Saturday, 29 December 2012

Christened With Crosses (Eduard Kochergin)

Name: Christened with Crosses
Author: Eduard Kochergin
Published: 2012
Publisher: Glagoslav Publications
Translated By: Simon Patterson / Nina Chordas
Pages: 275
Source: Review copy from Publisher
Genres: Translated Literature, Memoir
Goodreads  |

Christened with Crosses is the true story of Kochergin's childhood in state orphanages in the Soviet Union in the 1940s. Orphaned after his Polish mother is arrested as an "enemy of the people", Eduard Stepanovich (Stepanych) Kochergin, often referred to as Stepanych in the book, finds himself a ward of the state and is transferred to an orphanage in Siberia. After the war has ended, convinced his mother would have been released, Stepanych runs away to return to his home city of Leningrad (St Petersburg). Having to turn himself into an orphanage each winter for shelter and taking approximately six years to cross the Soviet Union, this is the story of one young boy's determination and resilience to return home and be reunited with his mother.

This reads like a road trip adventure novel, although this time the mode of transport is stowing away in freight and passenger trains, and the side stories include getting in with some train robbers, meeting forest people and trying not to get caught by authorities. The State run orphanages are what you'd expect; oppressive places run by tough leaders who get given nicknames like Toad. Places where a natural hierarchy in the children prevails and one has to find some kind of skill or useful contribution for the elders in order to keep in their favour and out of trouble.

Kochergin doesn't over emotionalise his time at the orphanage which makes this less of a memoir and more just simply a great story. His descriptions of people, places and events are so vivid that you forget sometimes that this is a recollection from a young boy's life. He meets some incredible people along the way including his first friend; Mityai, a blind boy who was severely injured during a German plane attack on the passenger train he was traveling in, none of his family survived. Together they must fight against those who would steal Mityai to use as pity fodder for begging. He also meets forest dwellers who teach him survival skills and another orphan who is trying to return home also.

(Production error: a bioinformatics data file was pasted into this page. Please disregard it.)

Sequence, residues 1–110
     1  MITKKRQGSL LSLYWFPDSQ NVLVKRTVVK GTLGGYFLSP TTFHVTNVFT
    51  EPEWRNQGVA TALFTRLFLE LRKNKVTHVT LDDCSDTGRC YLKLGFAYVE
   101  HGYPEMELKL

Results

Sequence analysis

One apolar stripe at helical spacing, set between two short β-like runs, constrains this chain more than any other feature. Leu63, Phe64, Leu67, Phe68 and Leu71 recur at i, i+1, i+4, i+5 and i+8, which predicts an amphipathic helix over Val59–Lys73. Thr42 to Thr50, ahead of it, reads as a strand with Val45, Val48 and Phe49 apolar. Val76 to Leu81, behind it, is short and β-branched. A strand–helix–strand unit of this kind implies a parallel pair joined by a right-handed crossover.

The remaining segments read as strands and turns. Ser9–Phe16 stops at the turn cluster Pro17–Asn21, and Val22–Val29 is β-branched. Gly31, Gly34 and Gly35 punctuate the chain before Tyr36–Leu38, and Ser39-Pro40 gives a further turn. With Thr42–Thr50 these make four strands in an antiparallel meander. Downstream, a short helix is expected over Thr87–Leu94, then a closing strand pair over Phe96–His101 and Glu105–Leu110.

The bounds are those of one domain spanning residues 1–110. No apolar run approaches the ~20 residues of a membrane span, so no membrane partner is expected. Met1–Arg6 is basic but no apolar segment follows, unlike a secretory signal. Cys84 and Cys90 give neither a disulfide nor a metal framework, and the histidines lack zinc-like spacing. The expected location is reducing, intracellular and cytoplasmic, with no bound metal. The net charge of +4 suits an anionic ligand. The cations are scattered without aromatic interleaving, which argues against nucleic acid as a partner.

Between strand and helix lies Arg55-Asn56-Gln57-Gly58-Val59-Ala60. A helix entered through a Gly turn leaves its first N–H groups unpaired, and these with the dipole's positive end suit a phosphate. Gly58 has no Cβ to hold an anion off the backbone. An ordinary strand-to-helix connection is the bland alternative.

I thoroughly enjoyed this book, it is both a fantastic story and a moving memoir at the same time. The author (or potentially it was the translator who added these footnotes in) does well to expand on a few terms and name variations that may be common in Russian and Polish culture but would not be known by a wider audience. These footnotes are done very well and work to enhance the story. The most fun part about reading this book? Pulling out an atlas and following along the trail of his journey on the map.

Ultimately if you are looking for an adventure book, are interested in the Soviet Union, have never tried translated literature and want to try it out, or quite simply are looking for a great read then this is the book for you.

Read It

Monday, 24 December 2012

Merry Christmas 2012

Merry Christmas to all my wonderful followers out there. I hope you all have a fantastic one filled with family, laughter and good food. We have Christmas at my Dad's place this year and it is my niece's first Christmas so I can't wait. I'm franticly getting all the presents wrapped, lunch and dessert contributions made and house cleaned. But mostly I'm just listening to all the Christmas music on the radio. Love it!

The last couple of weeks have been great in the book department. At my library book club I received a bag of goodies including a free book, a calendar and some chocolate. Not to mention the coolest bag ever! Eat Sleep Read. Yep that sounds a bit like me.

I then grabbed a bunch from my fav second hand book store including a Janet Frame and The Guernsey Literary and Potato Peel Pie Society which I have wanted to read so much because of all the great reviews from some other bloggers.

And then I scored all of these from my other book (sharing) club. Can't wait to sink my teeth into The Grapes of Wrath! I missed the readalong earlier this year so I'll be glad to catch up with you all.